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Clinical Diagnoses Associated With Histologic Findings of Fibrotic Tissue and New Bone in the Inner Ear

Authors

  • Elizabeth M. Keithley PhD,

    Corresponding author
    1. Division of Otolaryngology-Head and Neck Surgery, University of California, San Diego
    2. Research Service of the Veterans Affairs Medical Center, La Jolla
    3. House Ear Institute, Los Angeles, California.
    • Elizabeth M. Keithley, PhD, Division of Head and Neck Surgery, 0666, University of California, San Diego, 9500 Gilman Drive, La Jolla, CA 92093-0666, U.S.A.
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  • Mien-Chi Chen MD,

    1. Division of Otolaryngology-Head and Neck Surgery, University of California, San Diego
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  • Fred Linthicum MD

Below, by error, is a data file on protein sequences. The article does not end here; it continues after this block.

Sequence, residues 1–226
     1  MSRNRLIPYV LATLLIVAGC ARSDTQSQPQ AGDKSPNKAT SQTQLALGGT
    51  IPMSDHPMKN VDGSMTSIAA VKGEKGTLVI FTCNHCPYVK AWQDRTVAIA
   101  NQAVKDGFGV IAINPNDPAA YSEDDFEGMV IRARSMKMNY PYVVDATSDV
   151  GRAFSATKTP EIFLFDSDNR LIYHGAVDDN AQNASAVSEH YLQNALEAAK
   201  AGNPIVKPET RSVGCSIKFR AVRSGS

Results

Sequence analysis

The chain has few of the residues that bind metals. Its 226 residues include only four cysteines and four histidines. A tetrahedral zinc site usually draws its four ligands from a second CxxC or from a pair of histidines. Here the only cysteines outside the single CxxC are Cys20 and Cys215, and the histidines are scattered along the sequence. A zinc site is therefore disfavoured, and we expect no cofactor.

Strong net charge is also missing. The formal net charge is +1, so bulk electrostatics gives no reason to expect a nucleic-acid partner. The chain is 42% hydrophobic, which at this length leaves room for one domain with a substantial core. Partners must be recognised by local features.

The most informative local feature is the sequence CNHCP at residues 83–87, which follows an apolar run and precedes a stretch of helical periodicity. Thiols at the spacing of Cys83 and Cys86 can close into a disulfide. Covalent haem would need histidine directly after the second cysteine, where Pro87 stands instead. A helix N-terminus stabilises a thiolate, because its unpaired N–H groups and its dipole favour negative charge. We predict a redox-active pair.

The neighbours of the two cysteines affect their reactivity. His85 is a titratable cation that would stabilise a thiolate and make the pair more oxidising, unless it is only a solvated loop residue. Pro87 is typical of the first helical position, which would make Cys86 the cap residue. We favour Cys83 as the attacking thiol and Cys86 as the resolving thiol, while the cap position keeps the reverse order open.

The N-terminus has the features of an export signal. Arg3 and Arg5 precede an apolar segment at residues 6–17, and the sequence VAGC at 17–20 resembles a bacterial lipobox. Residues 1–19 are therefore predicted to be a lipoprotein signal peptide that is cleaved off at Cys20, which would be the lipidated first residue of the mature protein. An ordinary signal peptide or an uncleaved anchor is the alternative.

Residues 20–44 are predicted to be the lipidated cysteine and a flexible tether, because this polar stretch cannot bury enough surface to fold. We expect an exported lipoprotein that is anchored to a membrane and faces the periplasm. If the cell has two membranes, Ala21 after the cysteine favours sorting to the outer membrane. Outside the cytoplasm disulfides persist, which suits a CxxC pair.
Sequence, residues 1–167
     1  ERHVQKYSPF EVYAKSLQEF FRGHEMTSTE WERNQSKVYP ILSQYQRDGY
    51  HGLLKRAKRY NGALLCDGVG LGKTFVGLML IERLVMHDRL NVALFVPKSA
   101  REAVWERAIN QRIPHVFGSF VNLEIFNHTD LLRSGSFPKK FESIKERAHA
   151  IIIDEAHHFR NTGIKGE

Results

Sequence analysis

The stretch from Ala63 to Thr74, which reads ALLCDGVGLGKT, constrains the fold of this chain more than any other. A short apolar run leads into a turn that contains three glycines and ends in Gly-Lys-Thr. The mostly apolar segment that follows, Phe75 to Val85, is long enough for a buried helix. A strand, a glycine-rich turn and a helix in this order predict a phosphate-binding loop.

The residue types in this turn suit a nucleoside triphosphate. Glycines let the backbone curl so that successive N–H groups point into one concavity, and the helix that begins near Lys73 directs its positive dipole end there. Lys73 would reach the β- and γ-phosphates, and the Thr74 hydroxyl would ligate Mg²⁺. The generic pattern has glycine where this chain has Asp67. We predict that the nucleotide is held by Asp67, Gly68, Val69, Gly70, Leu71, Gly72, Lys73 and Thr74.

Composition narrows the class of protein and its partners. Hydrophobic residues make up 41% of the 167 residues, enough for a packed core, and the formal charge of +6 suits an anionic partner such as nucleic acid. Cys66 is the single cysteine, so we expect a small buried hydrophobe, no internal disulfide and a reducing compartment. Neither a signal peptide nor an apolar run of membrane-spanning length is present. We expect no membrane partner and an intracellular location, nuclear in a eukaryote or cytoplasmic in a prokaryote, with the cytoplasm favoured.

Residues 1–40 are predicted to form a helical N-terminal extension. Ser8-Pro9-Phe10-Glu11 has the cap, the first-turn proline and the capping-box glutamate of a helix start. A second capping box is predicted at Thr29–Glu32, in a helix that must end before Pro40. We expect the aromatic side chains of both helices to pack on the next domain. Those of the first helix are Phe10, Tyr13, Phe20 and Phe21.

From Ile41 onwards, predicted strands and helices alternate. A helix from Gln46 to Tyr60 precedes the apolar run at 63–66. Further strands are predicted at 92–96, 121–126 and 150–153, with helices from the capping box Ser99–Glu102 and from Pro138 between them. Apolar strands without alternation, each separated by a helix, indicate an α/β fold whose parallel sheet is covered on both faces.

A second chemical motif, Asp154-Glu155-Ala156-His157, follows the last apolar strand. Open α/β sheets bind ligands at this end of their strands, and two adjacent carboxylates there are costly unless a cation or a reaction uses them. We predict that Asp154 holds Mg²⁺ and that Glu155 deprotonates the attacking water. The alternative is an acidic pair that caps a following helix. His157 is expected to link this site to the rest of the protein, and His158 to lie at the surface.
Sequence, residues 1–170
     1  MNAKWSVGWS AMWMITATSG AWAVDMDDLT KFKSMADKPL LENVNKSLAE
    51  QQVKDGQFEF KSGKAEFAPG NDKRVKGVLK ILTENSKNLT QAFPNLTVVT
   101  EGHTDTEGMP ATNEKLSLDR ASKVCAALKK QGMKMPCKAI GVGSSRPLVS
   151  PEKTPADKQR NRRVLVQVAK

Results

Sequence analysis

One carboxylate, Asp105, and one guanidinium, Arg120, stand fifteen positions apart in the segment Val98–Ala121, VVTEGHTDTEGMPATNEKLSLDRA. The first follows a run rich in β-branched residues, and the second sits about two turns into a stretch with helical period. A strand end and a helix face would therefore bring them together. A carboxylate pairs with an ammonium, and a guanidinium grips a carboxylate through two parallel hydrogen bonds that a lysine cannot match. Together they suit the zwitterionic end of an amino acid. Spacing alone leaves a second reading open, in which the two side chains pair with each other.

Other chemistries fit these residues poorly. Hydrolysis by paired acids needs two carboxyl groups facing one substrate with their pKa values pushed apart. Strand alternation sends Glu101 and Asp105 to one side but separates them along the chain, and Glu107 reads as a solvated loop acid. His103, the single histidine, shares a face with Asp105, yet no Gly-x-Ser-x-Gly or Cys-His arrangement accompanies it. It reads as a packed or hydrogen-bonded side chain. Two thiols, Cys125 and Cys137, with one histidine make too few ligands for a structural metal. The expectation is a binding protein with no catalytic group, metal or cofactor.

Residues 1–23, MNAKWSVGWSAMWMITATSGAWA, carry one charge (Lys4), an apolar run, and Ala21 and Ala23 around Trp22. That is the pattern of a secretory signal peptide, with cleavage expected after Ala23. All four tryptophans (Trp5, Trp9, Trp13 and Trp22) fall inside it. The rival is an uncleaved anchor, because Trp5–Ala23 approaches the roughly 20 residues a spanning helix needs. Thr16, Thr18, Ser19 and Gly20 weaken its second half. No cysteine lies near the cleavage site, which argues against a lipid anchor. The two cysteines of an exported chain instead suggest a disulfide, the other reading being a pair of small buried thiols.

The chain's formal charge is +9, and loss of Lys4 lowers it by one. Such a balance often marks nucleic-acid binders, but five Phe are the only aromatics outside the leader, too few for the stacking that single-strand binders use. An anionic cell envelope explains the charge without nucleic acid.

1. House Ear Institute, Los Angeles, California.
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  • This work was supported by the House Ear Institute, NIDCD-DC00193, and The Medical Research Service of the U.S. Department of Veterans Affairs.

Abstract

Fibrotic tissue or new bone occurs following inner ear inflammation, fracture, or surgery. The prevalence is unknown and was investigated using the National Temporal Bone, Hearing and Balance Pathology Resource Registry database. A search yielded 264 temporal bones with diagnoses of otosclerosis, tumor, Meniere's disease, meningitis, labyrinthitis, chronic otitis media, autoimmune disease, temporal bone fracture, or sensorineural hearing loss. All autoimmune cases contained some new bone, whereas only 20% to 30% of the labyrinthitis/meningitis cases were reported to contain new bone. Otosclerosis, Meniere's disease, and otitis media had relatively few cases containing new bone. Although new bone may derive from surgical trauma, it is also likely to be a result of the disease process. It seems that all these disease processes may contain a common feature that acts as a stimulus to induce fibrosis or bone growth in the inner ear.

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